SAN FRANCISCO (CBS SF/AP) — As the economy slowly awakens from its forced COVID-19 slumber, there are signs of a recovery. Uber says it is facing a record demand for rides and meal delivery.
The San Francisco ride-hailing company said Monday that total monthly bookings, including food delivery and passenger service, reached an all-time high in March.READ MORE: Report: San Francisco Giants Lose Free Agent Pitching Ace Kevin Gausman To Blue Jays
In a government filing, the company said demand for ride-hailing, which plunged during coronavirus lockdowns last year, has recovered more quickly than expected as daily COVID-19 vaccinations exceed 3 million per day in the U.S.
Some people are still avoiding public transportation out of infection fears, potentially boosting demand for services like Uber and Lyft further.
And the demand should grow even more over the next eight weeks. San Francisco is currently in the Oregon COVID-19 Tier, meaning that non-essential offices have begin welcoming back workers.
Meanwhile, Gov. Gavin Newsom is targeting June 15 as the date to completely lift all COVID-19 restriction given there is no new major surge in hospitalizations. And vaccines have been opened up in many San Francisco Bay Area counties to all residents 16 and older.
Passenger bookings last month reached the highest level since last March, when spiking infection rates began to shut the country down. Bookings last month hit an annual run rate of $30 billion. Last year, Uber’s passenger business recorded $26.4 billion in gross bookings.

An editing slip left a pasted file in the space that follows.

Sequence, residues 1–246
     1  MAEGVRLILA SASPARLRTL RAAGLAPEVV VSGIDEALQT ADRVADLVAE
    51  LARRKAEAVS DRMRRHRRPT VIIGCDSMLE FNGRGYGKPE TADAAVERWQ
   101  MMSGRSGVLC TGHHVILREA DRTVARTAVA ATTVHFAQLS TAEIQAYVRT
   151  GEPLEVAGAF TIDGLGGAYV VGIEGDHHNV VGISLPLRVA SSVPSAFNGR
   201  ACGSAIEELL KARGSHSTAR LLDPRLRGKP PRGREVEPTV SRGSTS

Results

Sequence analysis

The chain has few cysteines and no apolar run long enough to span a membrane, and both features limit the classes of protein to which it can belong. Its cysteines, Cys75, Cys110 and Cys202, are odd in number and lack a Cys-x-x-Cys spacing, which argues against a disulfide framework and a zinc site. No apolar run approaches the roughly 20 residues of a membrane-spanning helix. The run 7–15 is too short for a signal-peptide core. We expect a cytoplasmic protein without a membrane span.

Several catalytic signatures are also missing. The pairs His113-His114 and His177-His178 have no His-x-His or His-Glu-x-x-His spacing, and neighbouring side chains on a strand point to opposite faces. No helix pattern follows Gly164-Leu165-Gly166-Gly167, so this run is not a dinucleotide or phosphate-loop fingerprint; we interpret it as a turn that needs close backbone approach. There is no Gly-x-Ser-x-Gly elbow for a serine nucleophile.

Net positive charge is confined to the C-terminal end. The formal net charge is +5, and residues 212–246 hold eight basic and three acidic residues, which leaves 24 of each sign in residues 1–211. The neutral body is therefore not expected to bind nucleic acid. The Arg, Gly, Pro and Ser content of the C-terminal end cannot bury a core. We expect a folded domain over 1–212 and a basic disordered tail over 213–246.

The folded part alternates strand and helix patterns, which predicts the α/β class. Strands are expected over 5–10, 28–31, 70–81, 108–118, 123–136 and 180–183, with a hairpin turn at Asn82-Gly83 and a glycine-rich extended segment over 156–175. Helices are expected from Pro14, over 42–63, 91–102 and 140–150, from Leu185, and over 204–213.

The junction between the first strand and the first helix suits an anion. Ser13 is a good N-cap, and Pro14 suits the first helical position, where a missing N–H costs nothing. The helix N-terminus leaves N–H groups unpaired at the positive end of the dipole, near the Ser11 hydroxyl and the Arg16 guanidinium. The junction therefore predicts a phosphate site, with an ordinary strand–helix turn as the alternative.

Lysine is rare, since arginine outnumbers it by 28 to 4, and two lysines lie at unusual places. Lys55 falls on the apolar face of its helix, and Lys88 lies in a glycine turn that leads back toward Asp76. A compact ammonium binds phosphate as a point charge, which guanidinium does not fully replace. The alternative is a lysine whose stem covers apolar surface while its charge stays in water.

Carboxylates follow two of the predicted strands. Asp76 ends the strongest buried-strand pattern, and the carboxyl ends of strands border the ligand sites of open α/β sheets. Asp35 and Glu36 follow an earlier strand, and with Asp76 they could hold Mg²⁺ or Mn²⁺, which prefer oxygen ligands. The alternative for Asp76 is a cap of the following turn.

Food delivery, of course, has surged over the past year and in March Uber Eats deliveries hit an all-time high. With more regions opening restaurants to at least partial capacity, that could be a positive sign for Uber as it could signal that some habits acquired during the pandemic may stick.READ MORE: 'The Long Good-Bye'; New Hope In The Battle Against Alzheimer’s Disease
Food delivery jumped 150% from last March to an annualized run rate of $52 billion, the company said.
Last week, Uber announced $250 million in sign-up bonuses and other perks to lure more drivers. Many drivers gave up last year when demand dried up, the company said. But demand now exceeds the supply of Uber drivers on call, the company said.
In another perk, Uber has partnered with Walgreens to make it easier for drivers to get vaccinated.
Driving professionally, however, may still be considered too risky by some. Last month, a woman was arrested on suspicion of pepper-spraying an Uber driver in San Francisco who was coughed at and insulted after he demanded a passenger wear a mask.
Drivers may still be holding out to see if Uber will sweeten pay and benefits. Uber was forced to classify its drivers in the United Kingdom as employees last month — not contract workers — after a Supreme Court ruling there. The company said Monday it has begun a historical claims settlement for its U.K. drivers.
Shares of Uber Technologies Inc. rose nearly 5% to $60.40 Monday.
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